The monarch butterfly is the most recognized butterfly in North America. It is referred to as monarch and is a milkweed butterfly from the Nymphalidae family. The Nymphalidae is not a crime syndicate. It is the largest family of butterflies with over six thousand species. Common tiger, black veined brown, wanderer and milkweed are other pseudonyms for the floaty protagonist and sovereign ruler (monarch). It is a great pollinator for its kingdom of plants.
Monarch butterflies have a wingspan that stretches about 9 to 10 centimeters (up to four inches). The upper parts are orange and outlined with black veins. The borders are black with white spots and the tips have orange ones. The undersides are lighter. The flight patterns of the monarch are quite slow. They reach a speed near nine km/h (5.5 mph). A casual human jog is over six mph. If you find yourself under a monarch attack, a brisk pace will propel you to safety. Remember not to pause or they can quickly flutter to close the distance. They do not have imposable thumbs. If you can open a door and close it before they land, you are in the clear.
Males are larger than female monarchs. Their wings are heavier and wider. The hindwings have a spotted black patch. Female wings are thicker. This characteristic protects them during migration. The dimensions of the thorax are similar for both genders. Monarchs have the traditional six legs of insects. They only use the middle and hind ones. Adult butterflies are sexually dimorphic like an anaconda.
Carl Linnaeus added monarchs into the genus Papilio (swallowtail butterfly family) in his 1758 book Systema Nature. Jan Krzysztof Kluk transplanted them into a new genus called Danaus. William III of England was known as William of Orange (Prince of Orange). He was a monarch that reigned from 1689 to 1702. He died of pneumonia due to complications from a broken collarbone caused by a horse-riding accident. The primary orange coloring of the butterfly, combined with the memory of William III is the reason for the butterfly’s name monarch. William’s title had Orange in it and the butterfly has orange wings and William was a monarch, so the orange butterfly is similar to the departed monarch and now they share a name. William butterfly was the other option, but there are female butterflies too and that would not be fair to them and could cause mass confusion during classroom roll call. If there were multiple monarchs in class, way too many wings would be raised (“Is William present?”) and being a butterfly teacher is taxing. Now on to taxonomy.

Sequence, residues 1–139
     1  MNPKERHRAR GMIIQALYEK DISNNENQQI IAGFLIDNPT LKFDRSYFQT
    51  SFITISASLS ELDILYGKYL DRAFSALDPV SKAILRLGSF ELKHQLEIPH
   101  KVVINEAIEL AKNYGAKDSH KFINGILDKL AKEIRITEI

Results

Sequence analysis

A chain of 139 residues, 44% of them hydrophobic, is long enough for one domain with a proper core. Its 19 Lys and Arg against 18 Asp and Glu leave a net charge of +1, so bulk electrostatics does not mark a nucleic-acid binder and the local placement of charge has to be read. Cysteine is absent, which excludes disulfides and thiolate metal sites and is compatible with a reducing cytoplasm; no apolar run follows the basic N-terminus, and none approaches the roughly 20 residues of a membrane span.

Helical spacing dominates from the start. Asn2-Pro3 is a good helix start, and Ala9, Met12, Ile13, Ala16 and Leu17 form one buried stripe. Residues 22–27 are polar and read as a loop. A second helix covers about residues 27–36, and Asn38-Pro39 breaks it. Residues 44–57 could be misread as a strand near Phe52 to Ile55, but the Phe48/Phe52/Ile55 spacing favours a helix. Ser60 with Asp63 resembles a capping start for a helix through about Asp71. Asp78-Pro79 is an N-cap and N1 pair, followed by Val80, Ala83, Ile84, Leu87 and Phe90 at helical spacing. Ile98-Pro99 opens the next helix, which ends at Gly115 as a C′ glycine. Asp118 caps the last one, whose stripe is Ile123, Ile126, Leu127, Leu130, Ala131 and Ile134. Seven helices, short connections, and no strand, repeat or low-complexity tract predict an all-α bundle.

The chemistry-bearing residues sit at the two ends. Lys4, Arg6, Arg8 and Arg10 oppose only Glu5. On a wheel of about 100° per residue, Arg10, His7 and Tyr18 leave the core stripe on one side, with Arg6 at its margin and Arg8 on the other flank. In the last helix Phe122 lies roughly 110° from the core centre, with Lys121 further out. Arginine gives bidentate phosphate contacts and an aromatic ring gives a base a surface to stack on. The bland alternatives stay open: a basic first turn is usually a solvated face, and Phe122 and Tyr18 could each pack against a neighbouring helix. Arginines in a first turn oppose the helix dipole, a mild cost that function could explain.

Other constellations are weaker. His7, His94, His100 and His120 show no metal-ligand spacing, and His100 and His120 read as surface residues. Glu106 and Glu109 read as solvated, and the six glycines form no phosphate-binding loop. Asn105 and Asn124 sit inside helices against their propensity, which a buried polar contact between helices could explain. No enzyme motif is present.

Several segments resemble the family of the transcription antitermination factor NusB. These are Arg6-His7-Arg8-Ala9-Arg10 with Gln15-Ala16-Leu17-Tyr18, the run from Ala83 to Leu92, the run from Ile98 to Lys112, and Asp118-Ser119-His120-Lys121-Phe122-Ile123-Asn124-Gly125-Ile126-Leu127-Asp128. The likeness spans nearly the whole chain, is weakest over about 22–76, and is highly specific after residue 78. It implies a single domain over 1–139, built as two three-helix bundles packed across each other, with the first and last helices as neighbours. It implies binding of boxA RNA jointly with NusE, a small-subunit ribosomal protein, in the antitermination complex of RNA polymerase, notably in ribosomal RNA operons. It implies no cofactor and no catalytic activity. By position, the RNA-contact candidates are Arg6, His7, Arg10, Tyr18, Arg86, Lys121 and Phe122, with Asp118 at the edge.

The scientific name is Danaus plexippus (D. plexippus). Plexippus is a name found in Greek mythology and translates to “one who urges on horses” or “charioteer”, a rider. Danaus is the male version of Danaë. She was an Argive princess and the mother of Perseus (Zeus was the father). She founded the city of Ardea in Latium and Zeus showered her with gold. Combine this into a Greek cocktail and you get a Monarch butterfly. The golden rider. Scientists have tried to speak Greek with them to no avail. English didn’t work either. Monarch sign language is still in development, but trials look promising. Placing your hands in an akimbo stance and flapping like a chicken is the sign for hello.
There are four stages in the metamorphosis process. Monarchs start as eggs. They are laid on the bottom of milkweed plants in the spring and summer. They are about a millimeter in size and light green colored. A female can lay between three hundred and a thousand eggs. The larger the female, the larger the batch of eggs. The eggs hatch within a week into caterpillars (larvae).
The caterpillar progresses through five stages of growth. It molts between each one. The stage is called an instar (period between two successive molts). The larva eats the egg casing and milkweed leaf in the first instar. It grows up to six millimeters. A pattern of yellow, black and white form in the second. The abdomen and thorax grow tentacles. The caterpillar starts to feast on the center of the milkweed and reaches one centimeter in length. In the third instar, the tentacles increase. Our hero eats along the edges of the leaf and becomes 1.5 centimeters long. It extends to two and a half centimeters in the fourth. White spots form. A hungry larva emerges in the fifth stage. A whole leaf can be consumed. Its length extends up to 4.5 cm. Two phases down. Two to go.
The crowd favorite is the third phase. This introduces the pupa and chrysalis. A silk pad is spun and the larva attaches to it. It hangs upside down for 12 hours and enters peristalsis and the skin splits. The skin is shed and a green chrysalis is formed. It turns opaque. A day passes and the monarch forms inside. A few days more go by and the chrysalis becomes blue and then transparent with bright colors of orange and black. The monarch sprouts two weeks later. It hangs upside down until the wings dry. It flies into the world as an adult. They live for two to six weeks. A monarch is here for a good time…not a long time.
|D. cleophile||Jamaican monarch (Hispaniola and Jamaica)|
|D. plexippus||North American monarch (North America, Spain, Australia, New Zealand, Pacific Islands and Hawaii)|
|D. erippus||Southern monarch (South America, Chile, Peru, Brazil, Argentina, Paraguay, Uruguay)|
“Float like a butterfly, sting like a bee. The hands can’t hit what the eyes can’t see.”― Muhammad Ali